Attic Conversions – To Finish or Not to Finish?

Feeling claustrophobic? Walls starting to close in on you? The answer may be right above you. A recent article in the Vancouver Sun delves into the pros and cons of converting your attic into living space. In a town like Vancouver where houses are often selling in excess of $400 per square foot (PSF), this is likely a wise investment.

Cheaper than building a new laneway house (starting at around $200 PSF), an attic conversion (starting at around $35 PSF) makes unused space within an existing home usable. On top of that, any added space will add value when it comes time to sell your home.

Older homes are the best candidates for attic conversions while newer houses that utilize roof truss systems will often be more costly to convert. The basics of an attic conversion are ensuring it is properly insulated and ventilated and that the floorboards are adequate to support people and furniture. You can go all out and add dormers but expect your costs to be significantly higher. Skylights are a good investment with any attic conversion due to lower/sloped ceilings.

Whether creating a no-go zone for the kids or somewhere to stash them, new space is usually a welcome addition. No kids? Home theater or home office perhaps? Did I mention the views are generally better up there.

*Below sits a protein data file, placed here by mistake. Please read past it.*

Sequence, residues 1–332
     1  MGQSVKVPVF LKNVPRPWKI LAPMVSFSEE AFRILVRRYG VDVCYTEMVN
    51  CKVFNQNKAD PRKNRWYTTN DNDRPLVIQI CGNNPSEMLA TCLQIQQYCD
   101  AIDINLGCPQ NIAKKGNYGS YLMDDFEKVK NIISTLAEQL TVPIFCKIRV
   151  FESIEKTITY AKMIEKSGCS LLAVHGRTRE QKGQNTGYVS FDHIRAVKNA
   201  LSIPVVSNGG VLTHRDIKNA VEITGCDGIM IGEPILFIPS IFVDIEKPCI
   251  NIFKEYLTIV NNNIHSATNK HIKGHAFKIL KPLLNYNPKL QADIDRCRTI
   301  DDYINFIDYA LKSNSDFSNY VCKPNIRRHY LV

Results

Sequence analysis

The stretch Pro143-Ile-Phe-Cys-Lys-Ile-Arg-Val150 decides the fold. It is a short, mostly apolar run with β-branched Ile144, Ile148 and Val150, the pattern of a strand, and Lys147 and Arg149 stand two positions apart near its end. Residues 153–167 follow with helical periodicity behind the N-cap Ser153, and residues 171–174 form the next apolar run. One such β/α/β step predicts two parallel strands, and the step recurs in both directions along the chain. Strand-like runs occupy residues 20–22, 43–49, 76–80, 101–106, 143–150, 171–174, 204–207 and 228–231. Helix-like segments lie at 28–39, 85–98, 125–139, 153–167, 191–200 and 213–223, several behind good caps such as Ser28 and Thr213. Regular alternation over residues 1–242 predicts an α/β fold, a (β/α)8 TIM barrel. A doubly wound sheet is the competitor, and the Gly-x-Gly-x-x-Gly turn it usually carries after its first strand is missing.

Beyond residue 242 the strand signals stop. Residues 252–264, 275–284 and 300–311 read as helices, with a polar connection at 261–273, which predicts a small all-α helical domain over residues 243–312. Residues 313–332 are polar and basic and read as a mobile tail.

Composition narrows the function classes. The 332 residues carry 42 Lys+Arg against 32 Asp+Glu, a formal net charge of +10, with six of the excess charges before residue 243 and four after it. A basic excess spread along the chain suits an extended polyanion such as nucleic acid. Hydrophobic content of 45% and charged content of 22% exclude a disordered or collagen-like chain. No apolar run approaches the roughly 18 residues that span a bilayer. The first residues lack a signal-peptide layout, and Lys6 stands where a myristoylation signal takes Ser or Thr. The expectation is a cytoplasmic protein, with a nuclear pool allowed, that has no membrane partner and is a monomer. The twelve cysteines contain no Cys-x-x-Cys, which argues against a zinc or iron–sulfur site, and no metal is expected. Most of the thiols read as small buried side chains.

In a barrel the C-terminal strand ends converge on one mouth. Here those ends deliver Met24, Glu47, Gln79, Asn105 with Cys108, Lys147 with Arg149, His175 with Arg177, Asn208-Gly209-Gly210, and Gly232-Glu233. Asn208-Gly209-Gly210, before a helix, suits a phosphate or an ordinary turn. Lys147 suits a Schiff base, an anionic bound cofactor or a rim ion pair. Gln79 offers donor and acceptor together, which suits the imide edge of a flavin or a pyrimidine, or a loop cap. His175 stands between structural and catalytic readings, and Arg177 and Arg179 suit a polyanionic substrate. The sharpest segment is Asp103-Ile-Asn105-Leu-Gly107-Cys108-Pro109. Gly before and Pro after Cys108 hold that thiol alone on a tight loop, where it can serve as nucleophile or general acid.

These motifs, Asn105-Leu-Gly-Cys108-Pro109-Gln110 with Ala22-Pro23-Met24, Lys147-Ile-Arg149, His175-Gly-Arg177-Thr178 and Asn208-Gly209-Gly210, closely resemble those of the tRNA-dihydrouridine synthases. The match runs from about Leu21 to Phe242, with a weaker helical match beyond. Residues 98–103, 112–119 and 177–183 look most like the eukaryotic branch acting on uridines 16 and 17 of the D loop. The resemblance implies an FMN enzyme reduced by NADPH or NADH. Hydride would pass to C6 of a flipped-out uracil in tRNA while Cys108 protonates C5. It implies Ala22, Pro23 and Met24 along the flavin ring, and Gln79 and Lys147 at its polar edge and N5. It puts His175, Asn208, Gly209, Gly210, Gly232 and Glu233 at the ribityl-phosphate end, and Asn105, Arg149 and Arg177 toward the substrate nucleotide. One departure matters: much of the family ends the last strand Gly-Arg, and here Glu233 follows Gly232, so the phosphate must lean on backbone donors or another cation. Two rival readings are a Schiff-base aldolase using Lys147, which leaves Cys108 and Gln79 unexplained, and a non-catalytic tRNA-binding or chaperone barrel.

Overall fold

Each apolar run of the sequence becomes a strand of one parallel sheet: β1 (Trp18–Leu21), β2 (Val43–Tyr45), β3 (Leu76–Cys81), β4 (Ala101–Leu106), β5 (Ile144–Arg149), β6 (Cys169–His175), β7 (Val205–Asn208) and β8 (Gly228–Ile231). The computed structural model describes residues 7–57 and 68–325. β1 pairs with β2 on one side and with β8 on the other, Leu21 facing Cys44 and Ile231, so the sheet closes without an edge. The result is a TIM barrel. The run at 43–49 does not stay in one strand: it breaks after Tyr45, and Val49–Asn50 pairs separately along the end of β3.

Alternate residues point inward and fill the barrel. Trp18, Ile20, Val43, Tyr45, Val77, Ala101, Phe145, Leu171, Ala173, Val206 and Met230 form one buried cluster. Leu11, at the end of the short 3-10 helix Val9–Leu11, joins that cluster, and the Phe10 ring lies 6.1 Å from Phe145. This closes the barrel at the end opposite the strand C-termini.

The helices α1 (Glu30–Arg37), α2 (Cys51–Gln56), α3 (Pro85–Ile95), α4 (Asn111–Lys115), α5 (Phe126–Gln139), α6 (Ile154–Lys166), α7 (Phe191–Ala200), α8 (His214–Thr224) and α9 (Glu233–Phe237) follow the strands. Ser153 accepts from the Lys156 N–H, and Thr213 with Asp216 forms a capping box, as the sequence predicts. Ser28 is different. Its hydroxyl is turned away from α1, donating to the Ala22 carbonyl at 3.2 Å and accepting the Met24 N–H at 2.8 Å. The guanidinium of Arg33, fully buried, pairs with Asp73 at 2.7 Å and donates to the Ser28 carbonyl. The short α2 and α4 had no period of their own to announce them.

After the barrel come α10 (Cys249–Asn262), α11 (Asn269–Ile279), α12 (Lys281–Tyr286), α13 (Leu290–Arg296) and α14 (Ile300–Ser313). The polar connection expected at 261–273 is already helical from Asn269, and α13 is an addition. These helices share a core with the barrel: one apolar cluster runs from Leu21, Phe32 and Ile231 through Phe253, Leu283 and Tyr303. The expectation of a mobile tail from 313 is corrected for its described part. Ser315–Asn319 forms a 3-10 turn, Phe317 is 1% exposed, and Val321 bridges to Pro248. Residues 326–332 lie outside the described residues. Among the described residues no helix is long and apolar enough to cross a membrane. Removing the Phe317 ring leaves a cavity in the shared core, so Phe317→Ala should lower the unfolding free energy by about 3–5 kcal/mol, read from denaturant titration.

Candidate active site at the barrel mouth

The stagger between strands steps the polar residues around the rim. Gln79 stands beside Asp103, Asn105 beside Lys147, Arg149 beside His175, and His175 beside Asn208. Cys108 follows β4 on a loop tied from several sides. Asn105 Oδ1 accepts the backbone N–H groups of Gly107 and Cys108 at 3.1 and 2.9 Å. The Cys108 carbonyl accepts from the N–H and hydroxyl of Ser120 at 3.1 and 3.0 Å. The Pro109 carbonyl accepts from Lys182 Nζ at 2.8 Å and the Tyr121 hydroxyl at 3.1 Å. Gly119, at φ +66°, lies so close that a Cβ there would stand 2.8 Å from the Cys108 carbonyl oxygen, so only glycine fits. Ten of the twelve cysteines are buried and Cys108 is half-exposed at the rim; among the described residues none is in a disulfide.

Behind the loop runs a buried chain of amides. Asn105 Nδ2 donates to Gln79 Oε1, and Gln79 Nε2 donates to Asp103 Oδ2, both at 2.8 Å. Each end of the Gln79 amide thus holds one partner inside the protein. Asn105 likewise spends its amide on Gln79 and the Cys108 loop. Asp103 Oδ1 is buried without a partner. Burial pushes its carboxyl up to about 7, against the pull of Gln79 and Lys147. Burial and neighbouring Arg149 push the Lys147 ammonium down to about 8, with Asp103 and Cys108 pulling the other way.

Just Sold! Vancouver Special with a view and “laneway house” potential

I just sold this large property high on the hill near 22nd and Carolina in Vancouver. This property was a hot commodity that led to multiple offers and sold over the asking price of $959,000 one day after the first showing. Just 4 blocks off high demand Main Street, this home has a great view and the property offers great potential for building up to a 750 square foot laneway house (the maximum size permitted in Vancouver) with great views downtown and to the West.  The oversize lot is 49.5×122 which makes it 50% larger than a standard 33×122 lot.

The buyer plans to renovate this great Vancouver Special and modernize it at the same time. A laneway house may someday occupy the rear portion of this lot. A couple of local companies at the forefront of laneway house design are Lanefab and Smallworks. Here is a great lanehouse recently designed and built by Lanefab: